Whitman argued that the United States needs a reliable, safe, affordable, and clean source of energy. She explained that natural gas prices are volatile, oil and coal are too dirty for the environment, and renewable energy cannot be relied upon. She said that when the wind is not blowing and the sun is not shining, the country would still need a reliable base load power source.
New York Times
CORAL DAVENPORT and STEVEN ERLANGER
MARCH 5, 2014
WASHINGTON — The crisis in Crimea is heralding the rise of a new era of American energy diplomacy, as the Obama administration tries to deploy the vast new supply of natural gas in the United States as a weapon to undercut the influence of the Russian president, Vladimir V. Putin, over Ukraine and Europe.
Paul Bledsoe and Lee Feinstein
MARCH 5, 2014
The American natural gas revolution has boosted economic competitiveness, and helped reduce U.S. carbon emissions to their lowest levels in 20 years. The question is now whether the United States will leverage this energy bounty to advance its foreign policy goals during the most serious East-West crisis in a generation.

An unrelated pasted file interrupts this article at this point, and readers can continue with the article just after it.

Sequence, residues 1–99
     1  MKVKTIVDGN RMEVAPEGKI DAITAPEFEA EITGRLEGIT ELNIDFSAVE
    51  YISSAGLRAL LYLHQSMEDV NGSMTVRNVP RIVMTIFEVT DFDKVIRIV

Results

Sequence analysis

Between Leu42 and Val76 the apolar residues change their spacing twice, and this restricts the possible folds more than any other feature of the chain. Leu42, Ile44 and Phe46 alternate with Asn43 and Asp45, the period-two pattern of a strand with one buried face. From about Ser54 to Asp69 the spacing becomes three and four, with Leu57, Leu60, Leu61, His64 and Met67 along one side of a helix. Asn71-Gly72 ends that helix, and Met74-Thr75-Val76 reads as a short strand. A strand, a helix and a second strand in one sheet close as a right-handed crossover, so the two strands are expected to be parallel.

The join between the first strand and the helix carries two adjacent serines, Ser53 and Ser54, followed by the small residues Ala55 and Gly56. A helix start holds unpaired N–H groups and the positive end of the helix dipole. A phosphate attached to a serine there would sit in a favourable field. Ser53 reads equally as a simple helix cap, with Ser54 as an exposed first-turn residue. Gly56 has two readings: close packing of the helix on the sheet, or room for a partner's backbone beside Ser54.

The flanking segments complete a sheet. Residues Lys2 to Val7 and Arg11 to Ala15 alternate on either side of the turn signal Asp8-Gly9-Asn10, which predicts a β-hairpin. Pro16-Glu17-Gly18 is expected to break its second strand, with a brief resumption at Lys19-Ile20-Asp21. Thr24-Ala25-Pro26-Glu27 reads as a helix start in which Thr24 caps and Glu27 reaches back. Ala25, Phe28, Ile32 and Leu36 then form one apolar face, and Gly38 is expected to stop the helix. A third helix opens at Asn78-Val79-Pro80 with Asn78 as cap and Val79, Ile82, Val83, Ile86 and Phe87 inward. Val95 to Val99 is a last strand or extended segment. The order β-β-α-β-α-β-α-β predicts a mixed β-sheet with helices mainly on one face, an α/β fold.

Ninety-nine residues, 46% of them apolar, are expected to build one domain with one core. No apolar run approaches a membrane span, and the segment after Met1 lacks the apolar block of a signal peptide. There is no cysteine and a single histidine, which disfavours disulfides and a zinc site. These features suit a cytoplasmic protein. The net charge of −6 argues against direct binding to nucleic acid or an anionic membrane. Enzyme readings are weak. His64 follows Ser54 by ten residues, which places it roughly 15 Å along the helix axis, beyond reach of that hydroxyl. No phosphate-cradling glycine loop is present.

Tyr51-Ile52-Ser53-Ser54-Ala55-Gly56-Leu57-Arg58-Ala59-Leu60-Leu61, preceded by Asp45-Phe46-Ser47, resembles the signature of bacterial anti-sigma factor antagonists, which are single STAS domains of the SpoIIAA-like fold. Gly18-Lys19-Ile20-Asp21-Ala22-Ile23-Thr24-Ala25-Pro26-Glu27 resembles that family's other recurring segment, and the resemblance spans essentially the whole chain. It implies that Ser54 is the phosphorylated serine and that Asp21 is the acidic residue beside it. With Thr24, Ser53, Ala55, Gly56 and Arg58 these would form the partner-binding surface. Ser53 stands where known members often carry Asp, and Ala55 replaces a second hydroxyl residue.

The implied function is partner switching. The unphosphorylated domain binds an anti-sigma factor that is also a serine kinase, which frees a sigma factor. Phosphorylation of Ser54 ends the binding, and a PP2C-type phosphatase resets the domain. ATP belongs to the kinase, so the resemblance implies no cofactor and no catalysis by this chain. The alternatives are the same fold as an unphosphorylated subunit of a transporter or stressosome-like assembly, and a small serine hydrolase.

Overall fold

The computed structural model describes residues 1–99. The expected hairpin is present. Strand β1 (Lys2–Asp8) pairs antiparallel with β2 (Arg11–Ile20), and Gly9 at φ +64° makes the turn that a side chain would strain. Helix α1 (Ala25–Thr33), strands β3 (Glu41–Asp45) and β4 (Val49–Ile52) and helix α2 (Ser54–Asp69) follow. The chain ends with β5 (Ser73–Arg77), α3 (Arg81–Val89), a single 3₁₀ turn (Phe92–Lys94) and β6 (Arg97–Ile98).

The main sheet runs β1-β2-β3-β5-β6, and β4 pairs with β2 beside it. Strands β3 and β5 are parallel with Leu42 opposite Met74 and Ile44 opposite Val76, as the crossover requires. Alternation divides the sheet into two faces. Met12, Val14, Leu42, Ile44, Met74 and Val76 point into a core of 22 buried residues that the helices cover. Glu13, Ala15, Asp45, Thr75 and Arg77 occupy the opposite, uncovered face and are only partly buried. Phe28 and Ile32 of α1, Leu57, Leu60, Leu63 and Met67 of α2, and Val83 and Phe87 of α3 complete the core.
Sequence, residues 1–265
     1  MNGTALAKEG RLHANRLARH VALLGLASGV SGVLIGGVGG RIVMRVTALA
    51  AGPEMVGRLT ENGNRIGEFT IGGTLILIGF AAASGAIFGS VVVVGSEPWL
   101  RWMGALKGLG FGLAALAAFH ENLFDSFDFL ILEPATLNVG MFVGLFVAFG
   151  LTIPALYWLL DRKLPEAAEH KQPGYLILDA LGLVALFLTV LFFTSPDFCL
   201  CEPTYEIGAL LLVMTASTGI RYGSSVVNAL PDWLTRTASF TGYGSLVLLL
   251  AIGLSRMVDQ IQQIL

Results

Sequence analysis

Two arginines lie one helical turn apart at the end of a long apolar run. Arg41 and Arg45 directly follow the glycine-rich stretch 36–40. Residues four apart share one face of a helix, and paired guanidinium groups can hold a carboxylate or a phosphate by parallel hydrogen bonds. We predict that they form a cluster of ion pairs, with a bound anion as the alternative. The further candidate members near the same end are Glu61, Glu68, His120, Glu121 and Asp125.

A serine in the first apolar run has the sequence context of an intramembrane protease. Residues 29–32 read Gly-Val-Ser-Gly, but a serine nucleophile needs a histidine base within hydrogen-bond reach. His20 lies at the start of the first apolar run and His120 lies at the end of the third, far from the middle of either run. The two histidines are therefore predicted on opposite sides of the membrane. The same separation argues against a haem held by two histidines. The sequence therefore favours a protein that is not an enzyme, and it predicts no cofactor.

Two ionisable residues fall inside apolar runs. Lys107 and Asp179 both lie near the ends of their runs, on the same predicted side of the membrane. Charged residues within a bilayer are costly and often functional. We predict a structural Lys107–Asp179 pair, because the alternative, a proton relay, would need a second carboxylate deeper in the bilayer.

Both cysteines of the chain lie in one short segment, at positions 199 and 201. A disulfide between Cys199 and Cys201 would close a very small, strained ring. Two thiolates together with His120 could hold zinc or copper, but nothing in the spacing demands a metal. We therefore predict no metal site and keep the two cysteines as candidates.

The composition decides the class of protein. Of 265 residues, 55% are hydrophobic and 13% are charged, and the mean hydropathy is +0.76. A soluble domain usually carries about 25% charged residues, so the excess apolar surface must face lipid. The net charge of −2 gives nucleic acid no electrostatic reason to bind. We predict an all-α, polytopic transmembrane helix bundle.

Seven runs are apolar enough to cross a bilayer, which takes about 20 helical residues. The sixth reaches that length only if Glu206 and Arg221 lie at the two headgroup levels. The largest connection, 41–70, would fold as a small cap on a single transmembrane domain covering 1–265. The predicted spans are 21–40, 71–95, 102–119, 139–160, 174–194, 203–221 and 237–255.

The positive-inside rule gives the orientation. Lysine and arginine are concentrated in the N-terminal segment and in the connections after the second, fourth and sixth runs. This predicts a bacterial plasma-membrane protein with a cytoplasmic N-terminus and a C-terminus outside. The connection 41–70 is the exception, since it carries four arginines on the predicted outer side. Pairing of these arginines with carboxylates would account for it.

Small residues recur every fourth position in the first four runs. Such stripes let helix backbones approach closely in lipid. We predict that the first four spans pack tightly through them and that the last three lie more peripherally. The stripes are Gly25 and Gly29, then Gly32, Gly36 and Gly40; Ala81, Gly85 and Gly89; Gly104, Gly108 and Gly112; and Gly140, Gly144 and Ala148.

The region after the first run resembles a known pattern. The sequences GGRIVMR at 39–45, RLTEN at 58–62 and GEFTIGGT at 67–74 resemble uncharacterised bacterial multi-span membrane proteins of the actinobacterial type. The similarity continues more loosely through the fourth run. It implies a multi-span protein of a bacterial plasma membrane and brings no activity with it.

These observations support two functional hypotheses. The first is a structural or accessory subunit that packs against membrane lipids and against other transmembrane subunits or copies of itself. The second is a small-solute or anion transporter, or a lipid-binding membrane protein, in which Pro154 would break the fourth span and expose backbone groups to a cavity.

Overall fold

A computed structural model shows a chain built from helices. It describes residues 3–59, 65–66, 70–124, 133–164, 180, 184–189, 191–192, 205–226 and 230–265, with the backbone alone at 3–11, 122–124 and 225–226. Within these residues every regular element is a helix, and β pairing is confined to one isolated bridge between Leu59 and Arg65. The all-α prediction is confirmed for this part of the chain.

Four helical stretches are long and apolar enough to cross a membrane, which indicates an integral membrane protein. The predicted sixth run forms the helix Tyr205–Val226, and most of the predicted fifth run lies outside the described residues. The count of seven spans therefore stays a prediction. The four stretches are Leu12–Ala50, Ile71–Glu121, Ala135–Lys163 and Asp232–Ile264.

New York Times
March 4, 2014
Just as we’ve turned the coverage of politics into sports, we’re doing the same with geopolitics. There is much nonsense being written about how Vladimir Putin showed how he is “tougher” than Barack Obama and how Obama now needs to demonstrate his manhood. This is how great powers get drawn into the politics of small tribes and end up in great wars that end badly for everyone. We vastly exaggerate Putin’s strength — so does he — and we vastly underestimate our own strength, and ability to weaken him through nonmilitary means.